No, my friends, the conflict today is not between those with and those without. I believe, in the worlds of Calvin Coolidge, that everyone is entitled the rewards of their own labor, be they ever so large or ever so small. Alas, that is not the creed of the occupiers and their ilk all over the world – they believe themselves to be entitled to reward without sacrifice. The war today is between those who take and those who make. It is between those who create wealth and those who feel entitled to it as a reward for their existence, as though it was the just inheritance due to them on account of their birth amongst the aristocracy of man.
That is what is wrong with society and the world today. We have too many looters. Too many free-riders. Too many groups and too many people who believe that they are entitled to a living independent of the value of their work. This is not a matter of rich versus poor – it is a matter of the productive versus the unproductive. The University Vice President of Diversity Management is as much a looter – and is just as guilty – as the man who accepts middle class welfare by claiming a fraudulent disability.
We may laugh at the pathetic antics of the occupiers today – but we should not ignore them. They are the outward manifestation of a malignancy that has already metastasized throughout our civilization. Their illogical and disordered thinking might be easily mocked – but they are still dangerous. They are merely the most vocal and gauche members of a vast class of looters whose unending war upon the productive now threatens civilization itself.
In their view of the occupiers and their allies – left-wing politicians, public sector workers, and the like – the rest of us are their slaves, expected to docilely provide them with whatever sums they require to spend on whatever they feel like. They think that the rest of us are like those granted Dhimmi status in those Islamic countries governed under the strictest interpretations of Sharia law – that we are allowed to practice our obscure and false religion of private commerce so long as we pay the required tax and accept a second-class citizenship. One can only escape this tax – called the jizya in Islam – through a religious conversion to the looter faith.
I wish that the Occupiers and their friends would reflect deeply upon the state of the world. Their welfare systems are collapsing for the same reason that those Islamic states that practices Dhimmitude have always suffered: when you wage war upon the productive, you give all but the most stubborn and bloody-minded people sound reasons to join the ranks of the non-productive. No free nation can, pace Abraham Lincoln, survive half-slave and half-free. In the end, we shall have to become all one thing or all the other.
“This is what democracy looks like!” the protestors like to scream at passers-by. They’re wrong. This is what the end of democracy looks like. When democratic government degenerates into a contest over looted spoils between rival mobs, dictatorship cannot be far behind. Self-government, like Calvin Coolidge once reminded us, means self-support.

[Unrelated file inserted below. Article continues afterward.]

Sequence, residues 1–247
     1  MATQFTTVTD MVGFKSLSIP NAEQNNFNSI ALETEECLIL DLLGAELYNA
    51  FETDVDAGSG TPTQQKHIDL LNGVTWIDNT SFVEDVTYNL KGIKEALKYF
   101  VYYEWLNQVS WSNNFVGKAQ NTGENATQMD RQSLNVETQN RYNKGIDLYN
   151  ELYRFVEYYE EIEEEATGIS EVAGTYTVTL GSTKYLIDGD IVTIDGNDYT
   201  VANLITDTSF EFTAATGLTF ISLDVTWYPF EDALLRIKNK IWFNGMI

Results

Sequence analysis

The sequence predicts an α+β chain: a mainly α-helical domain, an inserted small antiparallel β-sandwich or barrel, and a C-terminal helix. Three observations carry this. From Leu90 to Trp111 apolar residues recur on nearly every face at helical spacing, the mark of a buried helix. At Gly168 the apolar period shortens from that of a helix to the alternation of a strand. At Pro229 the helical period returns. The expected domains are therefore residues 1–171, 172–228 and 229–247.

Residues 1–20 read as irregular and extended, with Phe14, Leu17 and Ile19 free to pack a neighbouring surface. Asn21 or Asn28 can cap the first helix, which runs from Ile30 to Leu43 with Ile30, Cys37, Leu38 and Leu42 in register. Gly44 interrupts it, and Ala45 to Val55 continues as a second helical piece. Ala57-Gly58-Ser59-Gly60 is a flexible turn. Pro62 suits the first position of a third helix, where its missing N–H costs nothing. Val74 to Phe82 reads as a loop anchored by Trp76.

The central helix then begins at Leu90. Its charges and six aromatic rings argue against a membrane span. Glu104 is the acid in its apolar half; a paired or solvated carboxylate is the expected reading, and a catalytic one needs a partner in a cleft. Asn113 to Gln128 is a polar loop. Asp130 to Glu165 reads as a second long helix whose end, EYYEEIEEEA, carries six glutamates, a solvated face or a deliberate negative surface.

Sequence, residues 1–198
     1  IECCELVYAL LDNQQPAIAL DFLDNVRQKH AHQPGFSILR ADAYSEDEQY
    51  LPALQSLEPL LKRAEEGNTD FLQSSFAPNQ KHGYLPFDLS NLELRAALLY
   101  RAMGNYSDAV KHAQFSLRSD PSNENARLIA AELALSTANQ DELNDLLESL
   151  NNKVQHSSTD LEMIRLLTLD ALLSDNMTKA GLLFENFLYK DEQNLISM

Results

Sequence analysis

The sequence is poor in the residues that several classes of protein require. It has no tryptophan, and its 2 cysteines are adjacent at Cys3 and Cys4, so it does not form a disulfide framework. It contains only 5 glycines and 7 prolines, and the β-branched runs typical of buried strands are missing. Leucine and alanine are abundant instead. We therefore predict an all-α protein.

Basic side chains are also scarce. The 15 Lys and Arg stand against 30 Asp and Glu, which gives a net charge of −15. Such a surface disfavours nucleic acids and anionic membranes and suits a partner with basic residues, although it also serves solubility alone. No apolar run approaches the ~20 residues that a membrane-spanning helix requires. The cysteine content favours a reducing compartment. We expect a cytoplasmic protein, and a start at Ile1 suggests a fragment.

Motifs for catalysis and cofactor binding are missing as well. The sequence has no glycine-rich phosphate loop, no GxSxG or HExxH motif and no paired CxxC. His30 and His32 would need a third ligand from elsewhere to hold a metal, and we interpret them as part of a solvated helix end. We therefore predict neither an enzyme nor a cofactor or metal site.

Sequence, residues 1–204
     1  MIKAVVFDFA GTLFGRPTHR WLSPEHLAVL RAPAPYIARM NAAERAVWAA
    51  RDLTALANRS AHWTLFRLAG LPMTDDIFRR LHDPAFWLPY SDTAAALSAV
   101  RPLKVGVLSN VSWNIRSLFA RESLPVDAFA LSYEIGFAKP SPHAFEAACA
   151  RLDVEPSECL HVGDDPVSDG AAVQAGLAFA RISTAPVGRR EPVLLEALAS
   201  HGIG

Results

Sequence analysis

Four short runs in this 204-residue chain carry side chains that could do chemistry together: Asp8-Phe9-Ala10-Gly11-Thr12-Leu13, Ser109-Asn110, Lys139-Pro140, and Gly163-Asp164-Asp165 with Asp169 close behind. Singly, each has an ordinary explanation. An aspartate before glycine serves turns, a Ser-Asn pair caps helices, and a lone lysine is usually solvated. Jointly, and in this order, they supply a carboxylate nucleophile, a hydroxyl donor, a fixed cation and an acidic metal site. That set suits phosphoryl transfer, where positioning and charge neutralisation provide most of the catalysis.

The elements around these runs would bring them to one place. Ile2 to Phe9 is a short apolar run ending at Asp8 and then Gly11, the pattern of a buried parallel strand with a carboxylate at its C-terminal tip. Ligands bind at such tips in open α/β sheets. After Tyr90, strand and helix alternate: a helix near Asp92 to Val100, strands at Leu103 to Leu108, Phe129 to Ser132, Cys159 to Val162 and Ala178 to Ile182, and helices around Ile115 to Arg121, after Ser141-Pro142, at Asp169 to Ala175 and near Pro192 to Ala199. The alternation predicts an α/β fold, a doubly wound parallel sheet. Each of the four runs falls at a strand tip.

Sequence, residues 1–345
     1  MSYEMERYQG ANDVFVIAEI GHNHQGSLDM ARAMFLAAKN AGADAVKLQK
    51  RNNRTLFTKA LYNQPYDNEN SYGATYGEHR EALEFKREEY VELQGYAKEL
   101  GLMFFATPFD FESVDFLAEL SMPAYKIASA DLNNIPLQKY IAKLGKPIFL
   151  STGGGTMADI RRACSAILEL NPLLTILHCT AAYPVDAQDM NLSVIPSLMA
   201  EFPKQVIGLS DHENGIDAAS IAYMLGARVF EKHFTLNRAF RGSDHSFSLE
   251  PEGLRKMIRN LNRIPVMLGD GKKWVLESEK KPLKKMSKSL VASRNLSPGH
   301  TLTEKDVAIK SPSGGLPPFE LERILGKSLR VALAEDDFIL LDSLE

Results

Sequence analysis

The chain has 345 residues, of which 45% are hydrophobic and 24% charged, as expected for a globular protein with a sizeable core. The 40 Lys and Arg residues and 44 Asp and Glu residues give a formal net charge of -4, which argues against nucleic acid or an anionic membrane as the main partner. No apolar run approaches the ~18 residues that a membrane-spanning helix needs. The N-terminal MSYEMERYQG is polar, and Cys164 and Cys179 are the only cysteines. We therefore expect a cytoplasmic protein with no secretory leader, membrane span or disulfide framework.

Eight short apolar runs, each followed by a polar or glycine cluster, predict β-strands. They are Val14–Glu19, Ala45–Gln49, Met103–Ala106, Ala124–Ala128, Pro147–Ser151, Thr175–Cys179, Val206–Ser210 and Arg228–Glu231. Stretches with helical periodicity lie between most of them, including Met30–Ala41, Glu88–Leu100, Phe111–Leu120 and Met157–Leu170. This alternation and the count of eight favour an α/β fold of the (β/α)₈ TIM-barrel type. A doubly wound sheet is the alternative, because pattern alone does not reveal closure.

Yes, as ridiculous as so many of the protestors are, they are very dangerous indeed. Our economic troubles of today are severe – but they remain manageable. What is to happen – what will people of this sort do – if we find ourselves enmeshed in an even worse crisis a few years down the road?
The other day the Drudge Report carried a photo from the New York. It was a sign that read “99% means civil war.” Those who support the movement ought to realize the essential truth of this statement. If this movement is allowed to spread uncontrolled – if it is allowed to violate the law with near-impunity and to use force to attempt to implement policies, in violation of the rights and the will of the majority of the people, that amount to nothing less than outright confiscation of property than the ultimate result will indeed be civil war. No greater evil could afflict our society and yet, if this movement and mentality is allowed to spread and allowed to believe that it might ultimately be allowed to seize power and implement the full measure of its creed, than what alternative will there be?
“The supreme function of statesmanship,” Enoch Powell reminded us, “is to provide against preventable evils.” No evil is more preventable than that which looms before us now. And yet, I fear, none is more inevitable without preventative action. If the mentality of the looters is allowed to spread unchecked, if we allow the continued growth of a vast dependent class whose ever-increasing demands tax the strength and spirit of an ever-decreasing minority of the productive, some terrible events will come.
Someday, if economic conditions are allowed to deteriorate and if nothing is done to decrease the growing demands and size of the looter class there will come a demand that is so unacceptable, so far over the line, that something somewhere will break.
“99% means civil war” says the sign of the Occupiers. What they fail to understand is that it would not be the war that they are planning for. If they, the looters, mean to appropriate the wealth of others to their own ends, the war that they get will not be some sort of Marxist-fantasyworld uprising of the masses against some overclass. It will be a war of all against all that will tear apart families and friends and in which their will be no true victor. And, ultimately, the decision as to whether we shall have such a conflict rests in the hands of those in the streets and those directing them, because as they threaten to make war to seize what others have there are those, such as myself, who will accept war rather than surrender it.
These are dangerous days. The times in which we live require leaders of foresight and courage. Someone, somewhere, needs to stand up for those who pay for civilization. The great silent minority of the people who toil day in and out an expect nothing more from the world than the right to enjoy what they have earned – they are the backbone of the world. They are tired, put-upon, and suffering. And, regrettably, as much has already been asked of them – and as they have freely given it – more must be asked still. If we are to survive and rebuild our economy and civilization along fair and just lines, this silent minority must resolve to be silent no more.